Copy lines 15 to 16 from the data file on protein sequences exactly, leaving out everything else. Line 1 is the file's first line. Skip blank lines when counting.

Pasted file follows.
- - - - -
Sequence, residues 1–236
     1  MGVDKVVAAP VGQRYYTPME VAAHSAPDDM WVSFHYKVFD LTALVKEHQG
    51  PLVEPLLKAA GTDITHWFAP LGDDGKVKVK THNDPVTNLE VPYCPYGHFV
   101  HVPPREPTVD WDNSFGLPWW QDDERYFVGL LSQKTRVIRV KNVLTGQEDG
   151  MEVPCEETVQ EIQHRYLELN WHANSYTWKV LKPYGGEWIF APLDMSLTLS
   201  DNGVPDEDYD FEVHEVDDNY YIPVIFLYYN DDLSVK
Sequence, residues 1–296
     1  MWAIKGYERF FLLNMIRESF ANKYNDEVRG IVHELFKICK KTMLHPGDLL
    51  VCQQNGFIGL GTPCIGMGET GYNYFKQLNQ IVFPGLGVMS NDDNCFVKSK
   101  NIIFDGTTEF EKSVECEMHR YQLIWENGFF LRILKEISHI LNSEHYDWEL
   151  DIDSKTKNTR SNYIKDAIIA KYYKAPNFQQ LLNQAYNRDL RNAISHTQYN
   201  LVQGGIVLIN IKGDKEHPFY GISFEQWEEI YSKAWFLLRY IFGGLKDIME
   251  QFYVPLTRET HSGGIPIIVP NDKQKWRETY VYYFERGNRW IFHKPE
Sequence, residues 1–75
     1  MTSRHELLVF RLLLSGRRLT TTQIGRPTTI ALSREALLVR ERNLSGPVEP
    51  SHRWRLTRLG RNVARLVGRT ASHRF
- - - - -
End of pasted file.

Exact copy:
     1  MTSRHELLVF RLLLSGRRLT TTQIGRPTTI ALSREALLVR ERNLSGPVEP
    51  SHRWRLTRLG RNVARLVGRT ASHRF